Connecticut school board cracking down on persistent teacher absences

January 24, 2013

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Trevor was website administrator for EAG from December 2012 to March 2014.
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By Steve Gunn
EAGnews.org

TORRINGTON, Conn. – Abuse of teacher sick days is a common problem in American school districts.

sickdayThe Torrington, Connecticut school board isn’t going to put up with it any more.

Board members voted unanimously Wednesday to have school administrators investigate a recurring pattern of teacher absences on Fridays, Monday and professional development days, which leads to annual increases in the amount of money spent on substitute teachers.

The Torrington Education Association – the local teachers union – will also participate in the investigation. The original idea was to hire a private investigator to look into the board’s concerns, but money was not available to hire one, according to RegisterCitizen.com.

School board Chairman Ken Traub said there is no existing language in any contracts to deal with teachers who persistently abuse sick days. He said he hopes the investigation will lead to some type of disciplinary procedure.

“(For) 10 years, the Board of Education has seen this pattern,” said school board member Paul Cavagnero, who has been pushing for the investigation.  “This has been discussed year in and year out since I’ve been on the board. Every year budget costs for substitute teachers are questioned, and we ask, ‘Why are we spending so much on substitute teachers?’ The personnel committee and the Board of Education are upset about it.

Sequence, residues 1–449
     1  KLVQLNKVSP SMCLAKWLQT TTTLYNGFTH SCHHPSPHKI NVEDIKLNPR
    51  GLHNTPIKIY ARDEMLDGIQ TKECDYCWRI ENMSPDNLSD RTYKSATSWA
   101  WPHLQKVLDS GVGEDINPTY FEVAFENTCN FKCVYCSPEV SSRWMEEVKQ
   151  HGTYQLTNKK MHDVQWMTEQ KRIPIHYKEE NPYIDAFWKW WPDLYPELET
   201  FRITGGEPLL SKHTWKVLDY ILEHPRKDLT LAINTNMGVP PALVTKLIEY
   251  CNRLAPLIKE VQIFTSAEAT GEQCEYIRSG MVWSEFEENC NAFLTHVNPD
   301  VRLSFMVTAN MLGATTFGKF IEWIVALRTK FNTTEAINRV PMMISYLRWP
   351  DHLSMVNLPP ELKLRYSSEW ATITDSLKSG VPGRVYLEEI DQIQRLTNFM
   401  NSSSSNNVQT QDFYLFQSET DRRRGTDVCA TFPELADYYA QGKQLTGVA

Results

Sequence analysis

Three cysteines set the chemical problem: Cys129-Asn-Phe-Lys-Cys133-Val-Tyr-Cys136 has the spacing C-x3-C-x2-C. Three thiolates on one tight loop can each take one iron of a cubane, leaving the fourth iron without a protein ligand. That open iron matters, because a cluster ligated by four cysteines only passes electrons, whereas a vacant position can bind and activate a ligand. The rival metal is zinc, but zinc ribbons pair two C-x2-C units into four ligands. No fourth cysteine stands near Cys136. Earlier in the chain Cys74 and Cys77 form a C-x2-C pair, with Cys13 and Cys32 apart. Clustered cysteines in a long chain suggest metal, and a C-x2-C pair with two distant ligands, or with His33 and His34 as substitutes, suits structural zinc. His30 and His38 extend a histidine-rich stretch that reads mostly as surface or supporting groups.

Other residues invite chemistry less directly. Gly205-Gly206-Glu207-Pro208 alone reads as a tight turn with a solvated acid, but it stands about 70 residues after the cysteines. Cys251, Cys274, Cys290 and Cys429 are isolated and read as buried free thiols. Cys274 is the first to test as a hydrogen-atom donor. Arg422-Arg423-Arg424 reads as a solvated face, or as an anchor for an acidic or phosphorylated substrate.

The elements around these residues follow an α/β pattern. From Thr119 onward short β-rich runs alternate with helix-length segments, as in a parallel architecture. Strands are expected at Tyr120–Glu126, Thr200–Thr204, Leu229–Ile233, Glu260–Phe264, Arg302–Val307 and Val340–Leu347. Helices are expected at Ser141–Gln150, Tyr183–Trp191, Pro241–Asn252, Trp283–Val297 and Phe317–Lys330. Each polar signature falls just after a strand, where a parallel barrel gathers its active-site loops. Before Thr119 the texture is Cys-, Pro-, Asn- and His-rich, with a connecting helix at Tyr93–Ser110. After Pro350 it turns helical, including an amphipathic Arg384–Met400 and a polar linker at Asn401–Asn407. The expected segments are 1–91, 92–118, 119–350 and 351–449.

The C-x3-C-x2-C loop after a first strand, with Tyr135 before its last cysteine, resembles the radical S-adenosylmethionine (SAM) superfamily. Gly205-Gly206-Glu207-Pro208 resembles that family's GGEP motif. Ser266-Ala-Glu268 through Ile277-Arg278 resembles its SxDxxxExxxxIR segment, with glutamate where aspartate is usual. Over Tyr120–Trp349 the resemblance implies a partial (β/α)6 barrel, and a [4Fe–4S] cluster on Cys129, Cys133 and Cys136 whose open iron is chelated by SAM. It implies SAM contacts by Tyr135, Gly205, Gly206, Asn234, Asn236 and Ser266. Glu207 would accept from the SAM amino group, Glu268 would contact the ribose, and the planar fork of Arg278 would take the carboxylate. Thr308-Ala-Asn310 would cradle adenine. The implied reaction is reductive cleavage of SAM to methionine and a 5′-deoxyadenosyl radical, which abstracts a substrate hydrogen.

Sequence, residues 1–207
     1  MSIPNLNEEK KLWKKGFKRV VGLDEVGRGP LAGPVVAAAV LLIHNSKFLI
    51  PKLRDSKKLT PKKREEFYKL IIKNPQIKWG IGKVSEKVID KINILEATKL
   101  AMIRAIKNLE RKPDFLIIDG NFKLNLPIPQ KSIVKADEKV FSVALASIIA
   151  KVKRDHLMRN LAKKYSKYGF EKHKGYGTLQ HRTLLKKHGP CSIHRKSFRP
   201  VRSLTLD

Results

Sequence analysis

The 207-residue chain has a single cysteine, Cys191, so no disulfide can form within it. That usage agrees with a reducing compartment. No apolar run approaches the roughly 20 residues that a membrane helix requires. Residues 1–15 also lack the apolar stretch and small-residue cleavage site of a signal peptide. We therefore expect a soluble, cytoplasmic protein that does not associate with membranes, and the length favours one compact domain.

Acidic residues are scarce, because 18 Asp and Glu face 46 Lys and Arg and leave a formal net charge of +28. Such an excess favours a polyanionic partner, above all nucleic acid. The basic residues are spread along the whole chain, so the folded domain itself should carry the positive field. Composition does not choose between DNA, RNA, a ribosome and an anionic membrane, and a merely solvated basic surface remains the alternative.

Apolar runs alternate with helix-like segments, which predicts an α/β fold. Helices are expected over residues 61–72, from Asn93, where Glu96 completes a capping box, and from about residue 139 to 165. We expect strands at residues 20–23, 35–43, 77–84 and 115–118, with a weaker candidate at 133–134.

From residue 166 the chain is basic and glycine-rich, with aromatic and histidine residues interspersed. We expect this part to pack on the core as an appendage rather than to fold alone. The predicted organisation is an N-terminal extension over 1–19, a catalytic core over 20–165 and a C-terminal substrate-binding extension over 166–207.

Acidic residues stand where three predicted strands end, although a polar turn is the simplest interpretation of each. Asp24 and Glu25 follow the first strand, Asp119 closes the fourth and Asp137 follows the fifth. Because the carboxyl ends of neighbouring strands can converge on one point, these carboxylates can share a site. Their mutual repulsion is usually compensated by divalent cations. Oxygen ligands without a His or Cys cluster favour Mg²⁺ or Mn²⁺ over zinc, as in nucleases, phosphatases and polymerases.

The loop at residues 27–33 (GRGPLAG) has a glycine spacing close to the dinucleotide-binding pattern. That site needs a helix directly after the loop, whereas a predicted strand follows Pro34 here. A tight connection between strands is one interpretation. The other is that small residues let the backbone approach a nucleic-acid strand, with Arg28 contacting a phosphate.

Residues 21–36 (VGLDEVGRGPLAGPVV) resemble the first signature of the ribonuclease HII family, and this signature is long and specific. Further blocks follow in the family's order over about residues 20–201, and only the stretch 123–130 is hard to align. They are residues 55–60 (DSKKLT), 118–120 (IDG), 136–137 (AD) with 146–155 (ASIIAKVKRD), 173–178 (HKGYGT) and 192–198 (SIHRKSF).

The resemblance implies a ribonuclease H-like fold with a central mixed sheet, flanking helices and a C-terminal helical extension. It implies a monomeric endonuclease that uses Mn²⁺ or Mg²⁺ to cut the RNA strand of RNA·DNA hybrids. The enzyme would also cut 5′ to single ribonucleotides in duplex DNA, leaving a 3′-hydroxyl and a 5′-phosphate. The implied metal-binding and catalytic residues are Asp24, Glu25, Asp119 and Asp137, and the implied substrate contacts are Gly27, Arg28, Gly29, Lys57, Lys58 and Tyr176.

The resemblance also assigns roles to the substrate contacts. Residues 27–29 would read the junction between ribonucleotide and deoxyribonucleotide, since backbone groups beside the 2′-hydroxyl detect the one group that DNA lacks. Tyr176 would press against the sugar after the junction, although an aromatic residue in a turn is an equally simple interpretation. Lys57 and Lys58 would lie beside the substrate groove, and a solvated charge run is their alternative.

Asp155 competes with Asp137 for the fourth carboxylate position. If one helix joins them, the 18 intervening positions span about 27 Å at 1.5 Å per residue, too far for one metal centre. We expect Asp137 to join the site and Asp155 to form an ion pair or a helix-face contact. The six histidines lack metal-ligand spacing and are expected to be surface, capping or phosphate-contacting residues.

“The board has made it very clear that if you’re sick by all means for your sake and the safety of your children take the day off. But if there is a pattern and the pattern indicates that it’s the same group of people that are consistently getting sick on a Friday or a Monday, who are consistently taking off professional development days for which the board of education is spending taxpayer money to help them become better teachers, then it becomes an issue.”

Teacher union contracts throughout the nation are larded with a high number of paid sick and personal days, sometimes as many as 15-18 in a 180-day school year. Teachers frequently force districts to spend big bucks for substitutes to cover their absences every year, or allow their unused sick days to accumulate from year-to-year so they can cash them in at the prescribed time.

Reimbursement for unused sick and personal days is frequently a six-figure expense for school districts across the nation.

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